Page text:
• Aphids are sap-sucking insects that affect tomatoes, though a few aphids are harmless. Aphids find strength in numbers, so having a large aphid population will inhibit tomato growth and fruiting. Check the undersides of the plants’ leaves regularly for small green, or black insects, and remove the affected leaves.

• Fruit worms are pale-yellow moth larvae and burrow tiny holes into the fruit. Check the plants’ leaves for small white eggs and remove the affected leaves as they can go undetected until your tomatoes begin to rot.

• Hornworms are very large, green caterpillars with voracious appetites that are perfectly camouflaged by the tomato plants’ green foliage. They leave dropping trails (poop) on plant leaves and are easily removed by plucking from the plant and destroying.

• Leaf-Footed Bugs include stink bugs & squash bugs and are extremely common and the arch nemesis of gardeners. They enjoy hot, humid weather conditions and enjoy the SETX environment! Numerous species look similar in appearance with green or brown hues and are under an inch in length. They carry viruses and affect fruit quality by deforming immature fruit. Speaking from personal experience, planting companion plants such as basil, garlic, rosemary, and others aid in reducing the ‘stink bug’ population, followed by then pluck and squish method to remove the remaining insects as they are located.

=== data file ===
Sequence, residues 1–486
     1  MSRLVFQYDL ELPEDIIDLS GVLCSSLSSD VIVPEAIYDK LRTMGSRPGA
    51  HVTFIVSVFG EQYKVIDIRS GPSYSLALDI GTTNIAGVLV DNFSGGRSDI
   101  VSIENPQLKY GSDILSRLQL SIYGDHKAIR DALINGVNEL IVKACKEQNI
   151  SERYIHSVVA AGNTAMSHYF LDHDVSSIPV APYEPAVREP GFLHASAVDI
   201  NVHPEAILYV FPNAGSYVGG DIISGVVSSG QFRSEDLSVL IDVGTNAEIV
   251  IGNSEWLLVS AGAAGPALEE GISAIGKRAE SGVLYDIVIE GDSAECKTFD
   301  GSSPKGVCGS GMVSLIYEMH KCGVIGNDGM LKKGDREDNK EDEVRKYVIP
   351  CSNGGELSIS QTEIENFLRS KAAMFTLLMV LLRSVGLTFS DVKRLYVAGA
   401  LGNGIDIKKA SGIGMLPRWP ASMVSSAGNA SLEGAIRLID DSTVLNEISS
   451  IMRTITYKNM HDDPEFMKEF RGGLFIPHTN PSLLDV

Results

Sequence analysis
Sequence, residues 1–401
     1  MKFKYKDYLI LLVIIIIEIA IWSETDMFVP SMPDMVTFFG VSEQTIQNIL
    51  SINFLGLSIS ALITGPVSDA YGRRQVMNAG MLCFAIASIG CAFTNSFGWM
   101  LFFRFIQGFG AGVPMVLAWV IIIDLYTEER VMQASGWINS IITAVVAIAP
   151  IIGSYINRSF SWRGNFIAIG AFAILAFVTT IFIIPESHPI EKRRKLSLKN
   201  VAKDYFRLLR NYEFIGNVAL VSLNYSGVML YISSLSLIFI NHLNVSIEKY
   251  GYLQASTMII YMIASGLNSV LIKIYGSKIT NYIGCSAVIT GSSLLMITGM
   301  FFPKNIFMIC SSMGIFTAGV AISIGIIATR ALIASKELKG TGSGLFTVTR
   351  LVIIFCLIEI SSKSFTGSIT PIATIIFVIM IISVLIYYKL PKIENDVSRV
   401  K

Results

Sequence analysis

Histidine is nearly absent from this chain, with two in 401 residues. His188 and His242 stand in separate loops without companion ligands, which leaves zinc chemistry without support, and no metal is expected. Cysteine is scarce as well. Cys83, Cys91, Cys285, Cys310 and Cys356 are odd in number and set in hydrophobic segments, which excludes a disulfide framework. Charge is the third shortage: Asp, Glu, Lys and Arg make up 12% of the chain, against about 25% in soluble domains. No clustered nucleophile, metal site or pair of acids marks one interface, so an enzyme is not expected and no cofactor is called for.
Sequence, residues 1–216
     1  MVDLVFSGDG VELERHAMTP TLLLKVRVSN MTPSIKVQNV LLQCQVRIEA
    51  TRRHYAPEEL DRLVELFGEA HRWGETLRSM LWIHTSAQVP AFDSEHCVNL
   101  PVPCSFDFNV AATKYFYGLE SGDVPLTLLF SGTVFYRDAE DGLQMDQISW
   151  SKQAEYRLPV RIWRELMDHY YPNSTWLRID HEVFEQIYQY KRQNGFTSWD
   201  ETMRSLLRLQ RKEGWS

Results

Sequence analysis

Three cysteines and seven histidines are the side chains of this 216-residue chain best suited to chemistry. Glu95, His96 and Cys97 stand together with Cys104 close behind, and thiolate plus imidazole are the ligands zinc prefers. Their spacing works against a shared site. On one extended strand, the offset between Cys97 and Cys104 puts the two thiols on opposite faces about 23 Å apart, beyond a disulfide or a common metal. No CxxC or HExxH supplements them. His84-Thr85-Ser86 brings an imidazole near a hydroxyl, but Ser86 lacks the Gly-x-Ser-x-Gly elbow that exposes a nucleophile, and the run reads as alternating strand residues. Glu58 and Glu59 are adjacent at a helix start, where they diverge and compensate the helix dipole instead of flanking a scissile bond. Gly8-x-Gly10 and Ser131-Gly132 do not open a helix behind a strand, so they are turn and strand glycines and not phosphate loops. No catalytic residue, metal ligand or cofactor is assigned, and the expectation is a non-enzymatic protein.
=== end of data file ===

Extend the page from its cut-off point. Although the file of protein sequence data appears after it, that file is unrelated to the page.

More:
• Psyllids are plant lice which jump from plant to plant quickly and are sap-sucking insects which inflict considerable damage to tomato plants. Psyllid saliva is toxic to tomato plants creating “psyllid yellows”, causing foliage to yellow and fall off the plant. Eradication occurs most often naturally by having a cold winter since they cannot survive harsh conditions.

• Beetles there are multiple species of beetles that can threaten tomatoes. Make a habit of thoroughly inspecting tomato plants. Beetles have a variety of appearances, such as Blister beetles are black with red heads, Colorado potato beetles have alternating black and yellow stripes, and flea beetles are solid black entirely. There’s no simple solution to eliminate beetles, as each type of beetle responds to different methods, so research the specific type of beetle and always wear gloves before handling them!

• Thrips are very tiny, narrow insects with four wings but unlike other tomato pests, cause damage through transmission of the tomato wilt virus they carry. Their telltale sign is trails of brown spots on tomato leaves. It’s best to remove infected plants and infested foliage.

• Whiteflies are small, sap-sucking insects, that carry viruses, spreading from plant to plant. They are easily spotted against a red tomato or green foliage and simply treated by removing infected foliage.

So long for now fellow gardeners, let’s go out and grow ourselves a greener, more sustainable world, one plant at a time! If you have gardening questions, email me: [email protected] or phone the Orange County Master Gardeners Helpline: (409) 882-7010.